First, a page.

Slow algorithm to insert strings into indexed file in alphabetical order

Hi guys,
this is day 17 out of 100 days of code in go lang.

Today I have played with files, sorting, bytes and strings. The goal was to create a kind of indexed file where all lines are arranged alphabetically.
What I got is very slow algorithm which took 15 seconds to insert 10K strings in an empty file and 49 seconds to insert another 10K strings to the same file. So, it slowdown very quickly as size grow.

I have to convert between strings and bytes which was kind of annoying, but maybe I am doing it wrong? Please let me know in comments.

If you want to load test it here is how:

Source code at Github

Happy coding!

Random image file download with go

Hi guys,
this is day 16 out of 100 days of code.

With help of http and ioutil packages file download and storage is quite easy task.

In the example I am using Lorem Picsum service to get random image every run.

Happy coding!

Github issues reader in go lang

Hi guys,
this is day 15 out of 100 days of go land coding.

I continue github subject and today it is github issue reader. Example demonstrate how API results which come in json format convert into struct type.

Happy coding!

Create github issue ticket with golang

Hi guys,
today is day 14 out of 100 days of golang coding.

This time I was playing with github issues api and made small script which create new issues in given repository. However to use the code you would need to obtain github personal token key.

The interesting part was to make http post request with custom headers.

Example usage is as follow:

Source code at Github.

 

github issue tracker with categories by date in go

Hi guys,
today is day 13 out of 100 days of code in go!

This time it is example of fetching issues from github and categorizing by created date.
To run example you need to install github issue searcher package from The Go Progamming Language book

Full code

Happy coding!

Sort map by it’s keys in go

Hi guys,
this is day 12 out of 100 days of code. I didn’t post for a while, because I did a small break for hackaton, but now I am back on track.

When you print a map using range function it will access elements in randomized order. So, if you want to print map in sorted order you have to sort keys first. See how:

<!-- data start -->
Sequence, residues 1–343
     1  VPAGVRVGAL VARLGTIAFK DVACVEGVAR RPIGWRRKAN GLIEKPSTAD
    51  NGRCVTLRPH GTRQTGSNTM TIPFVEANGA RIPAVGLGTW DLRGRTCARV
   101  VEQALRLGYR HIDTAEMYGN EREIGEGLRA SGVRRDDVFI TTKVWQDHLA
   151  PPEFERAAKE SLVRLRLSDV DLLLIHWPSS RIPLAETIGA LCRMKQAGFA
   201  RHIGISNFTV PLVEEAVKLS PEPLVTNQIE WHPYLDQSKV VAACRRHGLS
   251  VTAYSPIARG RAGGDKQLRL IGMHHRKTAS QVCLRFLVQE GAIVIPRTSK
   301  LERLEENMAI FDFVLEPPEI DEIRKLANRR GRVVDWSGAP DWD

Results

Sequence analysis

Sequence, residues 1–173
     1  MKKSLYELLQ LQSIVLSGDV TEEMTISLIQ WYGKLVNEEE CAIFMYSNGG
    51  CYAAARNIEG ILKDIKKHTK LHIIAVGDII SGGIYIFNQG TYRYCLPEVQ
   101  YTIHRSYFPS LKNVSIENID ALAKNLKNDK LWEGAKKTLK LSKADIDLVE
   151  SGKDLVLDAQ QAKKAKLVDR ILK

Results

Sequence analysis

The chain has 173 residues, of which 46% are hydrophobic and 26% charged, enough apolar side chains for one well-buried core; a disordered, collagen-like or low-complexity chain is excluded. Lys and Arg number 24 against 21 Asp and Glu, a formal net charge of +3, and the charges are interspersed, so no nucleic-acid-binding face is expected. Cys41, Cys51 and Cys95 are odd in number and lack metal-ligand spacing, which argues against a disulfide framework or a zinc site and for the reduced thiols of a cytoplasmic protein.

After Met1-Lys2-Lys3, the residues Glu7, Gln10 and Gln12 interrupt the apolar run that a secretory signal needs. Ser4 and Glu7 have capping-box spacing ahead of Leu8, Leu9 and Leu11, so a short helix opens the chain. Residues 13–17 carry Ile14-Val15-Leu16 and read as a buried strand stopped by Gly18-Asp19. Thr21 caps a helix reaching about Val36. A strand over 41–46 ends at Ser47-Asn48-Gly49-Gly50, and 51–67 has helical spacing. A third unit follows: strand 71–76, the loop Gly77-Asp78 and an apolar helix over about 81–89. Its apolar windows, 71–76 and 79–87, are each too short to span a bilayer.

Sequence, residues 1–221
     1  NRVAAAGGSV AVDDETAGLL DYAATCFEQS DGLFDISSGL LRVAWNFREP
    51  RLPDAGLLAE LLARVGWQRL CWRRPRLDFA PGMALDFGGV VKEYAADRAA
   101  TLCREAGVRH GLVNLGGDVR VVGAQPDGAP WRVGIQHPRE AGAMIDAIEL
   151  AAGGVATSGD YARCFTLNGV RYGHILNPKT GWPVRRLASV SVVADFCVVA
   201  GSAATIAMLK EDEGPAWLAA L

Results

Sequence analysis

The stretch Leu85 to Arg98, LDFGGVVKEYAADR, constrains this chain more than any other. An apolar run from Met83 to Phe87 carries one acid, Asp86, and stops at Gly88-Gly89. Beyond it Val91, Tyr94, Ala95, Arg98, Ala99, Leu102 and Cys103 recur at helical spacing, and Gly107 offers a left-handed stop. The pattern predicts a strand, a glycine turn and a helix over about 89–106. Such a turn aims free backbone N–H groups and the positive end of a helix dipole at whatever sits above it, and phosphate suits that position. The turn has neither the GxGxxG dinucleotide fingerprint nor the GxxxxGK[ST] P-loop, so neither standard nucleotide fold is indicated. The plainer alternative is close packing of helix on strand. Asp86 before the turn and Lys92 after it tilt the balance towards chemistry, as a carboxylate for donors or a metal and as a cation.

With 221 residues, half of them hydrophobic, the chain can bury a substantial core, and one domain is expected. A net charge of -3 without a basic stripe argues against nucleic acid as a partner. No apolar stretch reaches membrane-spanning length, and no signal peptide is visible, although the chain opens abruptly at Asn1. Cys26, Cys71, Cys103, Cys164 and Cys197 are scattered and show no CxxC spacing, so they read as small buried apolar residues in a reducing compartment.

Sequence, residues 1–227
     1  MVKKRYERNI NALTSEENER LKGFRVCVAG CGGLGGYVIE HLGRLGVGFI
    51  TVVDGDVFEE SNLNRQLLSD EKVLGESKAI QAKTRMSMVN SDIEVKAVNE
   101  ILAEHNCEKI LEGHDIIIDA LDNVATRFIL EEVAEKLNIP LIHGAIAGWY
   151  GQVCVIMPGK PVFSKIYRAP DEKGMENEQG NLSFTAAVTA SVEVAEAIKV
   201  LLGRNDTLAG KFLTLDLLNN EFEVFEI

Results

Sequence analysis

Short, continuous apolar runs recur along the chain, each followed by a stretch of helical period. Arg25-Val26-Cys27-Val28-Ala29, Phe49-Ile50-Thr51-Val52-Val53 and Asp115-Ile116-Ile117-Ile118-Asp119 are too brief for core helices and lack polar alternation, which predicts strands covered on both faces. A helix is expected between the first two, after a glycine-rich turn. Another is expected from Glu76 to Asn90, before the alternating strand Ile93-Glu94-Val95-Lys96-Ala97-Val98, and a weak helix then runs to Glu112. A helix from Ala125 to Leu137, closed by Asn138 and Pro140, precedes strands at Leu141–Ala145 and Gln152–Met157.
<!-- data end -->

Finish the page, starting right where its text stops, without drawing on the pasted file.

Solution is to use additional array for keys and sort it in wished order.

Happy coding!

how to sort map values in go

Hi guys,
this is day 11 out of 100 days of go coding.

This time it is very short demo of go maps and simple sort by map values. Note that the example below will not work correctly if values has duplicates.

I believe this code has a lot of room for optimization, so if you know how please write me in comments or ping me in twitter with your version.

Happy coding everyone!

Example of using struct in go for beginners

Hi, this is day 9 out of 100 days of code in go.

Today I am playing with struct type. Struct is a go way to define custom types. Use it when standard types doesn’t suite you. Enough words, lets see code examples.

Classic example Employee type

ID and Name fields is quite obvious. Manager field is the same type as struct itself, so it must be a reference type and in our business logic will point to Manager data.

Lets create first employee

Struct fields are accessible using dot notation.

Lets define a manager now and improve print function, so it will print Manger if such exist

New employee manager is created the same way as first worker variable. When using a reference to new manager variable we assign a manager to worker.

PrintEmployee function has some changes too. First it has new check if Manager reference is not nil and if so using recursion it prints Manager data.

Lets add another Employee, so we will have 3 level management organization

Note that new cto variable is using struct literals to define fields values in variable initialization step.

Output of above will be 3 level organization structure:

That’s what you need to know about struct type to use it efficiently in you go programs.

Happy coding!

Source code at Github.

Transparent HTTP proxy with filter by user agent using golang

This is day 10 out of 100 Days of golang coding!

Idea for today is to build transparent http proxy with ability to filter traffic. As for a filter I will use user agent which is common practice to filter traffic.

So, for the task I have used two go modules: user_agent and goproxy:

First I have to setup a proxy and set a decide which hosts I want to match:

Regex “^.*$” is set to match all hosts.

Second I setup user agent parser and filter by bot and browser:

That’s all for coding. Now take a look at test cases:

Use case 1 – curl command no user agent set

Use case 2 – curl with normal browser user agent

In that case we have got requests from twitter server which was 301 to https.

Use case 3 – curl with bot user agent

Full version of proxy with verbose information of user agent parsing:

 

Source code available at GitHub.

Count words frequency reading standard input with go

Hi guys,
today is day 8 out of 100 days of code.

The task for today is to count words frequency reading data from stdin.  Input is scanned using bufio *Scanner with a split by words(ScanWords).
Lets see the code:

Results are stored in a map words. The property of map that it doesn’t have defined order of keys, so the bonus here is to sort words map by frequency of words(by values).

See source code at GitHub